First, God’s sense of what is fair and what is not fair does not, at all, align with our human sense of “fairness,” which again is typically a thin veil covering our own self-centeredness. The Reign of God is marked by everybody having what is necessary. In both parables, God does not withhold anything from anyone. All parties are accounted for and given what is necessary for human flourishing.
Yet, it is a sense of of selfishness and entitlement that drives those who have what is from the outset fair (an agreed upon daily wage or all that already belongs to the father) to feel they deserve so much more. Perhaps this impulse goes all the way back to our mythical parents in Genesis, who were not content with their humanity and desired to have and be even more.
Second, these parables and an awareness of the selfishness that is called “fair” today spawns other narratives that justify real injustice in our world. The wealthy, comfortable, and powerful spin tales of “fairness” that justify their grandiosity in the shadow of poverty and injustice around them. Like the vineyard workers hired in the morning, many justify their greed and desire for more as a comparable reward for their hard work.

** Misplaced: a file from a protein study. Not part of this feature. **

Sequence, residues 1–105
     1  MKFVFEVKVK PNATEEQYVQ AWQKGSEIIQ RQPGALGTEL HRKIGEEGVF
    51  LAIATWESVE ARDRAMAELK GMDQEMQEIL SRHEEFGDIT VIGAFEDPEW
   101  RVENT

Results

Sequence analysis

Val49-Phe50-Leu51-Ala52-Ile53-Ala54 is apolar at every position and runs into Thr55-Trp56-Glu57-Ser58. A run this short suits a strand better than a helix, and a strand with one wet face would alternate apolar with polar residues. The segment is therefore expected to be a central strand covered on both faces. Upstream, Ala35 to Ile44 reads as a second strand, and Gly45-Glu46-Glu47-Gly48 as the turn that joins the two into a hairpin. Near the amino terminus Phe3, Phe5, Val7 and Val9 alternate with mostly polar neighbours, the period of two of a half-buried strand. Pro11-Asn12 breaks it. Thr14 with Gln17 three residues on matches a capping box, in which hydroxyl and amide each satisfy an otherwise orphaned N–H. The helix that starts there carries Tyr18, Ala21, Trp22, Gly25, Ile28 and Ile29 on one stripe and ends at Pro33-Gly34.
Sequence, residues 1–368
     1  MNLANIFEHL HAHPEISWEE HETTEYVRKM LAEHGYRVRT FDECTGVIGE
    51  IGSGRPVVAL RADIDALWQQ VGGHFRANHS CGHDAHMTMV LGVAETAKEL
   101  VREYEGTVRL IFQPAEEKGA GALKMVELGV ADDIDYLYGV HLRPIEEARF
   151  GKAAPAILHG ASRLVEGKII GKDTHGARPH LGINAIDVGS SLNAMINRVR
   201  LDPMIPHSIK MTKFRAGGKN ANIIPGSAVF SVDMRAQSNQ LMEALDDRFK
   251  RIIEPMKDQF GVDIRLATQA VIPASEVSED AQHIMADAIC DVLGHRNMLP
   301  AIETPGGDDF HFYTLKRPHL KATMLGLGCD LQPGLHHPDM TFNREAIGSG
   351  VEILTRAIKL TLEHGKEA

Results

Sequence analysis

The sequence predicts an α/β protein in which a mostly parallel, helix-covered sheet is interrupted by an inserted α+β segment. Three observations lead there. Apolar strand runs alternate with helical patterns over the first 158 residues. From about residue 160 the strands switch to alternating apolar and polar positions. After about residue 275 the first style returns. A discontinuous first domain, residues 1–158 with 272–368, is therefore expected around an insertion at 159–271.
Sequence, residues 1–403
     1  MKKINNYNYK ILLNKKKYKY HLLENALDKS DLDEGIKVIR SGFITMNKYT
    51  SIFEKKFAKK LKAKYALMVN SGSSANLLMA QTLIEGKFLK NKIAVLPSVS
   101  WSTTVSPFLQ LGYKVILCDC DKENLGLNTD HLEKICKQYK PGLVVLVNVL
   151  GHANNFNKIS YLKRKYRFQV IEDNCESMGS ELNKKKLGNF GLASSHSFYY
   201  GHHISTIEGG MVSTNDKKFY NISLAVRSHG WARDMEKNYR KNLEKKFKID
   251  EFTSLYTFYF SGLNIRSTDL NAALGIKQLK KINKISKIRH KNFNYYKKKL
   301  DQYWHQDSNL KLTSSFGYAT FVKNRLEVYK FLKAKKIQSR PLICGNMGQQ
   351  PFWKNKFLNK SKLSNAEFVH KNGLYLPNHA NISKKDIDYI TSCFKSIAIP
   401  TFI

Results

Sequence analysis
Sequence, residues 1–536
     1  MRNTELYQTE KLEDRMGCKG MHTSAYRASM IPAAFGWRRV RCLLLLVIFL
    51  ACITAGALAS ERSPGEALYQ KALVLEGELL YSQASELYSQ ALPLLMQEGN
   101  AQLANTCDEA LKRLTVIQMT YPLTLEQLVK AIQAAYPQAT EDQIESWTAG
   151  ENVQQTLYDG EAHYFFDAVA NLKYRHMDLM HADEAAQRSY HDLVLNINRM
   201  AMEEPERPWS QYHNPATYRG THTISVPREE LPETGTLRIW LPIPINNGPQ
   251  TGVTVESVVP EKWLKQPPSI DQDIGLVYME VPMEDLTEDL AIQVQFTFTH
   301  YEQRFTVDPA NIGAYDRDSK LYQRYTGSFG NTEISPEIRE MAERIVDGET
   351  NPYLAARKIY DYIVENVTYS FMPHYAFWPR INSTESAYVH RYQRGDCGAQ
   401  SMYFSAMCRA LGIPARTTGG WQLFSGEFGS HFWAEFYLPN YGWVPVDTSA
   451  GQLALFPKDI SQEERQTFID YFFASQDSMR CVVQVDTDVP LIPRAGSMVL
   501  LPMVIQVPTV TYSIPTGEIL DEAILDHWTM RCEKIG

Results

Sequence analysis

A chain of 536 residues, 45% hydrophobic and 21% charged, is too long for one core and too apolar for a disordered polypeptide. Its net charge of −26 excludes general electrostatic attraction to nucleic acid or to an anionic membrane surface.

But unlike the parables, the landowners and father (or mother) figures are usually not prodigal in their generosity and or love. Most landowners operate according to the logic of those first-hired workers. The rules then get set to benefit a few, while the system and the rhetoric of society explain inequality, abuse, poverty, and injustice as merely a real-world reflection of “fairness.”
It is difficult for many of us to accept the gratuitous love, generosity, and mercy of God. We hold one another accountable to rules of “fairness,” sometimes even baptized in the water of religion, but it is not the radical unfairness of God; it is not the radical justice that is equivalent to God’s infinite mercy.
What our world desperately needs, and that the forthcoming year of mercy may offer, is a serious reconsideration of what we consider to be fair.
The following is the full text of the homily that was delivered at St. Anthony Shrine and Ministry Center in Downtown Boston on Good Friday April 3, 2015.
Where you there when they Crucified my Lord?
Where you there when they Crucified my Lord?
Oh, OOOoohh, Sometimes it causes me to Tremble, Tremble, Tremble.
Where you there when they Crucified my Lord?
Where you there when they Crucified Cecil Clayton?